1. Eat dinner early
That means you’ll be able to fast for longer overnight, between dinner and breakfast. Doing that reduces your body’s blood glucose levels – and elevated blood glucose levels have been linked to a higher risk of breast cancer. Go food-free for between 12 and 14 hours each night.
2. Stick to a Mediterranean diet
As long as it contains plenty of good-quality olive oil, it can reduce your breast cancer risk by as much as 68 per cent. One explanation is that olive oil suppresses the activity of genes and proteins that play a role in cancer development.
As well as replacing butter with olive oil, a Mediterranean diet means eating plenty of plant-based foods, like fruits, vegetables, wholegrains, legumes and nuts, eating fish and chicken at least twice a week, limiting red meat to a few times a month, and using herbs and spices instead of salt to add flavour.
3. Do 15 minutes of vigorous exercise daily
Try fast walking, jogging, swimming laps or aerobics. That lowers breast cancer risk by 20 per cent, particularly in postmenopausal women, when most breast cancers are diagnosed. The protective effect isn’t just because exercise helps to reduce weight – physical activity also regulates levels of hormones, regardless of weight.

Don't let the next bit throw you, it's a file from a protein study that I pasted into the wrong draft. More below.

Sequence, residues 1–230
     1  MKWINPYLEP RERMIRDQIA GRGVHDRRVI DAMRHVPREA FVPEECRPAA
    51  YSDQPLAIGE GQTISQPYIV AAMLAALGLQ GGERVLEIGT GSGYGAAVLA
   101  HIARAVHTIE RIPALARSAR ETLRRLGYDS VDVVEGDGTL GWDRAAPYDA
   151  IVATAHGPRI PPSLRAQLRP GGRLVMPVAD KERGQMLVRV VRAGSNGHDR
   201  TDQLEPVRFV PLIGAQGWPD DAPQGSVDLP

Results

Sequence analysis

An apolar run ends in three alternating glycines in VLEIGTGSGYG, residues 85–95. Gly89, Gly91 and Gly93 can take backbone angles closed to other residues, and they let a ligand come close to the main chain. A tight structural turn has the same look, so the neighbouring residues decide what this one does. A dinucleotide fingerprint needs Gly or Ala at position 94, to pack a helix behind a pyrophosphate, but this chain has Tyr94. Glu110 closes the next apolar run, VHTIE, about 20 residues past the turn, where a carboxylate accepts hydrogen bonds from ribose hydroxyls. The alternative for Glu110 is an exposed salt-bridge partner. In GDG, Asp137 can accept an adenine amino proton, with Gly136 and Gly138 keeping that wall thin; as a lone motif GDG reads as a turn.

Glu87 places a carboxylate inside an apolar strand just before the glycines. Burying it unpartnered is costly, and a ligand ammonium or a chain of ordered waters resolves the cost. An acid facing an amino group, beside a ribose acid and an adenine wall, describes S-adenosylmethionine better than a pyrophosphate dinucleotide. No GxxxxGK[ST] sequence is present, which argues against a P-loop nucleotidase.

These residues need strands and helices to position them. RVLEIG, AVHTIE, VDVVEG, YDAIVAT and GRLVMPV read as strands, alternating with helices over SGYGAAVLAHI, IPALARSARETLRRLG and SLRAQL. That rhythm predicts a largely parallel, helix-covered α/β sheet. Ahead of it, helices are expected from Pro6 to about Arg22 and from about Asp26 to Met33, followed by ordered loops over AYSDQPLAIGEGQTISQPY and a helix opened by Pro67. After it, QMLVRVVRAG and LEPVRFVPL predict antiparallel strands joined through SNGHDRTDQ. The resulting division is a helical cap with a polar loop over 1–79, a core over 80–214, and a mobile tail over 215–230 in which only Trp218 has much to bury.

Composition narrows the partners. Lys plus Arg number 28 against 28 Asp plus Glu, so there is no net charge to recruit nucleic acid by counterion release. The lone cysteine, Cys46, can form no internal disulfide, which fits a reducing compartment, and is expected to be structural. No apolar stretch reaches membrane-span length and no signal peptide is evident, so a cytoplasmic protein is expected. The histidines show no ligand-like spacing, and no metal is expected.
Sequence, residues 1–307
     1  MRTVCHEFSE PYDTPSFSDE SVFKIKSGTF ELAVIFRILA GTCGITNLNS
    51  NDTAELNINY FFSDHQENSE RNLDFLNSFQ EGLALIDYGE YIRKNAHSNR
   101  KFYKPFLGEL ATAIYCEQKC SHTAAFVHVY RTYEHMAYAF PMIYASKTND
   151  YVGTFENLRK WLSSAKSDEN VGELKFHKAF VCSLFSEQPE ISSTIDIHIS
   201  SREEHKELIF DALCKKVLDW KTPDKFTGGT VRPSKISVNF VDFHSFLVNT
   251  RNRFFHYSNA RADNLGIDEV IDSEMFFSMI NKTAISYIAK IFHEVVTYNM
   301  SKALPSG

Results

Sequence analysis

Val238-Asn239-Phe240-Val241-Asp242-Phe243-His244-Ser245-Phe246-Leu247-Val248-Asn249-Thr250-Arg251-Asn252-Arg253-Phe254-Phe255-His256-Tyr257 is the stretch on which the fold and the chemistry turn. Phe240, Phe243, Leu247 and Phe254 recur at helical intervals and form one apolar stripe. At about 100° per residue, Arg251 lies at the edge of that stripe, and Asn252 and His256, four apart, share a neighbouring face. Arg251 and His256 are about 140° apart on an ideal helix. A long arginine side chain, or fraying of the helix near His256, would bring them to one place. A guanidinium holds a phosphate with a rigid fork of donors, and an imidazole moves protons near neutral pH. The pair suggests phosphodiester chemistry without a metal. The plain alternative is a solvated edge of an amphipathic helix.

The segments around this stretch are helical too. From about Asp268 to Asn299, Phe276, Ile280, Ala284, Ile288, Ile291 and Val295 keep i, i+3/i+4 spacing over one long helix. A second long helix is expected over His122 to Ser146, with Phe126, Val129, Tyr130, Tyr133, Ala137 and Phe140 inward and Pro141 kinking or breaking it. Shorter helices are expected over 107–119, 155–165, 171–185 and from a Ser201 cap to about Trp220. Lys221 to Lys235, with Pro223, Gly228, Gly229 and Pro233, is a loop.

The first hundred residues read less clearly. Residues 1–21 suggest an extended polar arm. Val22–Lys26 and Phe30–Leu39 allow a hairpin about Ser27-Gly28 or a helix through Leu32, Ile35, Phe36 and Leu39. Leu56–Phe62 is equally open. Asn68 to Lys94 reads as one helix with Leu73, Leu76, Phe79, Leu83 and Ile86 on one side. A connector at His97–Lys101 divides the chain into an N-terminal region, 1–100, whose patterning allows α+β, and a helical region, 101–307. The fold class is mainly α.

4. Limit your alcohol intake
If you drink two glasses of wine a day, you’re 51 per cent more likely to develop breast cancer. Even drinking between three and six glasses of wine a week increases your risk by 15 per cent. Alcohol changes hormone levels, triggers the production of cancer-causing compounds and blocks one of the body’s ‘cancer protection’ pathways.
5. Keep your weight in check
Being overweight increases breast cancer risk in postmenopausal women by 42 per cent. Fat cells make oestrogen, which can trigger hormone-receptor-positive breast cancers to develop and grow. Where you carry the extra weight matters too – stomach fat increases breast cancer risk more than extra fat carried on other areas of the body.
6. Don't mess with your hormones
If you’re on hormone replacement therapy, it makes you twice as likely to develop breast cancer while you’re taking it, thanks to the prolonged exposure to hormones. The longer you take it the greater the risk, and combined hormone therapy that contains both oestrogen and progestogen is more ‘risky’ than oestrogen-only therapy.
Cancer Australia says an increased breast cancer risk associated with combined HRT is more likely to occur after three years of use, but a ’safe’ timeframe hasn’t been established. If you are on HRT, talk to your doctor every six months to review risks.
7. Know your family's health history
But don’t rely on it too much. Only five to 10 per cent of breast cancers can be strongly linked to inherited factors, which means the vast majority of women who develop breast cancer don’t have a family history of the disease.
8. Be aware of changes in your breasts
A new lump or mass is the most common symptom of breast cancer, but it’s not the only one. Also look for:
- a change in the size or shape of the breast;
- a change to the nipple, like crusting, redness or inversion;
- a nipple discharge that occurs without squeezing;
- an unusual pain that doesn’t go away,
- or a change in the skin of the breast, like redness or dimpling.